Your central air conditioning system consists of an outdoor condensing unit and indoor air handler that each have a series of parts essential to the cooling process. Both the outdoor and indoor segments of the unit contain a set of coils that work to help ensure the chemical refrigerant keeps moving through the system.
The condenser coils outside and evaporator coils inside play such an important role that problems with either coils can thwart your air conditioning system. What are the condenser and evaporator coils and what problems can occur?
Condenser and Evaporator Coils Explained
The condenser coils in the condensing unit receive compressed refrigerant gas that is supplied by a motorized compressor. The coils are designed to conduct a phase change that makes the gas into a liquid. The change, which causes the coils to become warm, makes it possible for the now liquid refrigerant to travel inside the house, into the air handler, and into the evaporator coils.
The evaporator coils then work in the reverse of the condenser coils and change the liquid refrigerant back into a gas. The change causes the coils to become cold, which is how the ambient air circulating into your house becomes cold and makes your life more comfortable.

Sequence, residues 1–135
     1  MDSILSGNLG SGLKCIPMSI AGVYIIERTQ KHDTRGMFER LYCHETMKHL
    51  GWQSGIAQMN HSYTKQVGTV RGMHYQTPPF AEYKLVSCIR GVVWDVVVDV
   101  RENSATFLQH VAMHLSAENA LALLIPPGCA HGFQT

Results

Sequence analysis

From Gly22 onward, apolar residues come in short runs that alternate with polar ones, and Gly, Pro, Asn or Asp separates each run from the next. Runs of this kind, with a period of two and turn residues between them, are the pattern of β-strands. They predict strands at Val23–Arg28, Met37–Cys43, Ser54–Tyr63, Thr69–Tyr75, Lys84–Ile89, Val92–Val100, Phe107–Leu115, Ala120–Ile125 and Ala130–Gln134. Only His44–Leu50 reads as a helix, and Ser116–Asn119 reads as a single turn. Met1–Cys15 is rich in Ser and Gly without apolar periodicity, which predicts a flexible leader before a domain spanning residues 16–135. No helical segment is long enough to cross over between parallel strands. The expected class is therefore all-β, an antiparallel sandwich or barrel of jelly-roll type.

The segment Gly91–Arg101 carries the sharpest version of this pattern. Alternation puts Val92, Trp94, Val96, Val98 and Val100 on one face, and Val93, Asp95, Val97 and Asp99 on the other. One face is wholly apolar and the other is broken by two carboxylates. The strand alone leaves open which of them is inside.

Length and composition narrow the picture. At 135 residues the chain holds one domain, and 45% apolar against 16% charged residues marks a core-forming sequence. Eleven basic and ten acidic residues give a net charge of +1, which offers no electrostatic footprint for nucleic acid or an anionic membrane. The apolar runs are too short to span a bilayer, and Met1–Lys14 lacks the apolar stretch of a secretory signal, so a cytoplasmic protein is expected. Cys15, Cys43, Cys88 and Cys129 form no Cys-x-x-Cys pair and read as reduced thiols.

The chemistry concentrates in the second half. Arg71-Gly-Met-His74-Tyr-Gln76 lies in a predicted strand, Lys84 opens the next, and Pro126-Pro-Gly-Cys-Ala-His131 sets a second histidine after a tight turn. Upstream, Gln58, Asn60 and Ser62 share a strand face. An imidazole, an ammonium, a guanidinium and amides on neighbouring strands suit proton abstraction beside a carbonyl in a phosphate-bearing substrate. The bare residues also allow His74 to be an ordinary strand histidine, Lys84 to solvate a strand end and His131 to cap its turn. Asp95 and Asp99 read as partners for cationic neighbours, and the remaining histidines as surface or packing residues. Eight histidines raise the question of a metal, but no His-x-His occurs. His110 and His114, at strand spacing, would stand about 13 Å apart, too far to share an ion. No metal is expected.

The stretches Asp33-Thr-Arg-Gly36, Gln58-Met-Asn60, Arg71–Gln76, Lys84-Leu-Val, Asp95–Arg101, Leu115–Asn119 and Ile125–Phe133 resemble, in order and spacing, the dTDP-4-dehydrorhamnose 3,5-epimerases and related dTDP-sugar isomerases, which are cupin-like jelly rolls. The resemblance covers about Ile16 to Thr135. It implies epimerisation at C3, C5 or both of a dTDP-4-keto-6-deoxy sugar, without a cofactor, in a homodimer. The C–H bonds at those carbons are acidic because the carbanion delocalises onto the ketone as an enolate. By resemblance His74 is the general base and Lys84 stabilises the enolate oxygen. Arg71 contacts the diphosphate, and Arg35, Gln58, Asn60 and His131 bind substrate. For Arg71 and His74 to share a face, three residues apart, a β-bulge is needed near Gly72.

Potential Coil Problem: Dirt Buildup Thwarts Efficiency
The condenser coils exist inside of a grated unit that can allow dust and dirt to adhere to the coils. The evaporator coils become moist during the phase change, which makes those coils an easy target for dirt buildups. If either set of coils becomes overly dirty, the phase change process can become impaired and eventually start to cause an efficiency loss in your HVAC system.
You can clean the coils by first making sure the power is off to the unit you're working on. For the condenser coils, clean with a hose pointed outwards so you don't flood the bottom of the unit. For the evaporator coils, use a no-rinse foaming cleanser and follow the instructions.
If the coils still look dirty or damaged, call in an air conditioning services company to fix the problem.
Potential Coil Problem: Overheating or Freezing
The condenser coils become warm during the phase change and the evaporator coils become cold but swinging too far towards that temperature direction can cause problems.
If the condenser coils become overly hot, a motorized fan is meant to cool things down. But if the coils become too hot for the fan to counteract, or the fan itself has an operational problem, the condensing coils can become so hot they trigger the system's safety shutdown. Your unit will suddenly start shutting down unexpectedly and you won't be able to reach your desired indoor temperature.
Evaporator coils can become overly cold and freeze. The frozen coils won't allow following passes of refrigerant to convert properly. And the thawing freeze can cause the drain pan at the bottom of the air handler to overflow.
If you have either of these temperature issues, contact an air conditioning services company because the problem is likely with the refrigerant.